# Formatting numeric results table

Domains:

The following table shows supported format specifiers for formatting numeric results. The formatted result in the last column corresponds to the "en-US" CultureInfo.

Format specifier        Description           Examples   Result
C or c         Currency string s = $"{2.5:C}"; string s =$"{-2.5:C}";
$2.50 ($2.50)
D or d         Decimal string s = $"{25:D5}"; 00025 E or e Exponential string s =$"{250000:E2}";      2.50E+005
F or f         Fixed-point string s = $"{2.5:F2}"; string s =$"{2.5:F0}";
2.50

3
G or g         General string s = $"{2.5:G}"; 2.5 N or n Numeric string s =$"{2500000:N}";     2,500,000.00
P or p         Percent string s = $"{0.25:P}"; 25.00% R or r Round-trip string s =$"{2.5:R}";           2.5
X or x         Hexadecimal string s = $"{250:X}"; string s =$"{0xffff:X}";
FA

FFFF

## Remarks

You use a format specifier to create a format string. The format string is of the following form: Axx, where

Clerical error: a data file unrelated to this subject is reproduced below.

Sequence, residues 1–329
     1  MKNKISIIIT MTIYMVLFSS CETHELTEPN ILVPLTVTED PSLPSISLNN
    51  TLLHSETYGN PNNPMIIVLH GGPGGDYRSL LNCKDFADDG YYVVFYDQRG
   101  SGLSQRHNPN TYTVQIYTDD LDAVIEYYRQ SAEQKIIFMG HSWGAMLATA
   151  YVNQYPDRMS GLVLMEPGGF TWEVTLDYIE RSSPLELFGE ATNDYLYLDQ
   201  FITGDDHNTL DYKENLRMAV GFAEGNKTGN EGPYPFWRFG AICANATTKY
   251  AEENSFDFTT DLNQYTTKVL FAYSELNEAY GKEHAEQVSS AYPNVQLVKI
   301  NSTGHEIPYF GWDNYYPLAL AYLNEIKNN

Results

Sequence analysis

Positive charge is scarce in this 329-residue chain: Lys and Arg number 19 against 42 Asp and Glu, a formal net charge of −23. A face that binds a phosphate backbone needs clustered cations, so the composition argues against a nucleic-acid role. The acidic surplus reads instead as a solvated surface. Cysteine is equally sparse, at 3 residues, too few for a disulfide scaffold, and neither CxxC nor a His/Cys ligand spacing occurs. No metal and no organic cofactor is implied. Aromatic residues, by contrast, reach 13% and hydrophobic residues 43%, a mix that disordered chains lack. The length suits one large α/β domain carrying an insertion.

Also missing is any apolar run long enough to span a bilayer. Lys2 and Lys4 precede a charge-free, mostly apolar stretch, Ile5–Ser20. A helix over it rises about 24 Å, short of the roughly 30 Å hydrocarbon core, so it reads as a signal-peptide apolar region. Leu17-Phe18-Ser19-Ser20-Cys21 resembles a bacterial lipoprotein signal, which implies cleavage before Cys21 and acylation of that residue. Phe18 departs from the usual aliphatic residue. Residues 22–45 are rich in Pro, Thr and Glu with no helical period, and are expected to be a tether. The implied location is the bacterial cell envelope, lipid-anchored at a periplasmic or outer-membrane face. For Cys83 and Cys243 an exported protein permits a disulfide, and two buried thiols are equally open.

• A is the format specifier, which controls the type of formatting applied to the numeric value.
• xx is the precision specifier, which affects the number of digits in the formatted output. The value of the precision specifier ranges from 0 to 99.

The decimal ("D" or "d") and hexadecimal ("X" or "x") format specifiers are supported only for integral types. The round-trip ("R" or "r") format specifier is supported only for Single, Double, and BigIntegertypes.

Standard numeric format strings are supported by:

• Some overloads of the ToString method of all numeric types. For example, you can supply a numeric format string to the Int32.ToString(String) and Int32.ToString(String, IFormatProvider)methods.
• The .NET composite formatting feature, which is supported by the String.Format method, for example.
• Interpolated strings.
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